Reality checked in with me recently when a few parents on my son’s rowing team, knowing my affiliation with PR News, asked me to write the press releases for the club. Sure, it’ll be easy, I thought, not factoring in a few key variables such as time constraints and more importantly that I knew very little (read: nothing) about the sport of rowing. But I know a good press release when I see one, and I’d have no problem writing one for PR News or one of the other brands in my group.
When I ask my friends in PR what they’d do with a bigger budget, their first instinct is to smile that “yeah, right!” smile. It’s hard enough to keep the budget they have much less be handed a bigger slice of the pie. But when pushed, they usually say they’d spend the extra mil on staffing and training — underscoring that people drive this business. Not technology. Not even research. If you don’t have the right people and give them ongoing training, then you are destined for mediocrity.
In the course of your career, you’ll have attended dozens if not hundreds of industry events where – if you’re like most human attendees — you’ve exchanged business cards as if by rote, refilled your coffee cup endless times and listened to experts tell you something new as you take notes, tweet and daydream about your next vacation. Attending events is a skillset best honed by applying five simple rules.
Muck Rack makes it simple to find people, tweets, or articles that mention any name, keyword, company, hashtag etc. We've compiled this guide to help you make the most of your search.
Selecting a term
Start searching tweets, articles from media outlets, articles mentioned in tweets, journalists'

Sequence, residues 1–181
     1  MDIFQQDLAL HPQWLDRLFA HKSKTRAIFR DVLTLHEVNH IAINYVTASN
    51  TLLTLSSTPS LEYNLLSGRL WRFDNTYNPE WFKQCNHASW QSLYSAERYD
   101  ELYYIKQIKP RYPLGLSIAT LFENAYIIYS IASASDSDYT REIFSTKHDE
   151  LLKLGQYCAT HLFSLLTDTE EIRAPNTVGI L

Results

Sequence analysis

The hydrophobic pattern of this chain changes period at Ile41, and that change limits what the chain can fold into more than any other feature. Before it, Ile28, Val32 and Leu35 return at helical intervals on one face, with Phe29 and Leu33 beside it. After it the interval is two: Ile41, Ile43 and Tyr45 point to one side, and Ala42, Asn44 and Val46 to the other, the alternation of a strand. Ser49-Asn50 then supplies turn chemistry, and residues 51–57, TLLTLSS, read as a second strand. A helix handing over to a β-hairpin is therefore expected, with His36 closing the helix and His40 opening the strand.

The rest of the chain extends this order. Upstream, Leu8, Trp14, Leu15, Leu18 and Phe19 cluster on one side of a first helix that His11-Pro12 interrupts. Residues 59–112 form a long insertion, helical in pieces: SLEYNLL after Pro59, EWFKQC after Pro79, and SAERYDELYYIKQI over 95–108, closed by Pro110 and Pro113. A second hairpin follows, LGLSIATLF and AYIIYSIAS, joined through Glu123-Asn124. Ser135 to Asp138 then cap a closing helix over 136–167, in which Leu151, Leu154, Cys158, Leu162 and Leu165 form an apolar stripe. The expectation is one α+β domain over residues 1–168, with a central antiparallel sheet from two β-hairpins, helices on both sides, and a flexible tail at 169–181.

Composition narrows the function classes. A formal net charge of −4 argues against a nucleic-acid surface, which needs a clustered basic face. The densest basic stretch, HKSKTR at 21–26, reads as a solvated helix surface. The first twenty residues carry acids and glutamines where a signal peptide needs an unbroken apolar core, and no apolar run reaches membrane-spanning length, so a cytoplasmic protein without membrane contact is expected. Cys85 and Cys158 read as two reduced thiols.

names, titles and bios with some suggested searches:
Companies or Topics (e.g. iPhone, Microsoft)
Phrases (e.g. "cloud computing") — use quotes to keep the terms together
Twitter handles (e.g. @username) — returns those who have mentioned or replied to
Names (e.g. "David Pogue")
Hashtags (e.g. #sxsw, #london2012)
Bio details (e.g. vegan, Olympics, father)
Muck Rack's Advanced Search allows for many boolean operators.
Find results that mention multiple specified terms, use AND or
+. For example, ensure each result contains both Elon Musk and Mark Zuckerberg by
searching Obama AND Romney or Obama + Romney.
Use the operators OR or , to broaden your search when you'd like either of
multiple terms to appear in results. (This is the default behavior of our search when no operators
are used.) For example, search for democrat OR republican to find results that refer to
Democrats and/or Republicans.
Use NOT or - to subtract results from your search. For
example, searching Disney will yield results about the Walt Disney Company as well as Walt Disney
World Resort. To exclude mentions of Disney World, search for Disney -World or Disney
When using one of these operators with a phrase, enclose it in quotation marks. For example, you can
find results about smartphones excluding Apple's iPhone 4S by searching smartphone -"iPhone
Exact case matching or punctuation
If you're searching for a brand name or keyword that relies on specific punctuation marks or capitalization, you can
find results that match your exact query by adding matchcase: before the keyword you're searching for, like matchcase:E*TRADE .
Use parentheses to separate multiple
boolean phrases. For example, to find journalists talking about having fun in Disney World or
Disneyland, search for ("disney world" OR disneyland) AND fun.
An asterisk can be used to search for any variation of a root word truncated by the asterisk. For example, searching for admin* will return results for administrator, administration, administer, administered, etc.
A near operator is an AND operator where you can control the distance between the words. You can vary the distance the near operation uses by adding a forward slash and number (between 0-99) such as strawberries NEAR/10 "whipped cream", which means the strawberries must exist within 10 words of "whipped cream".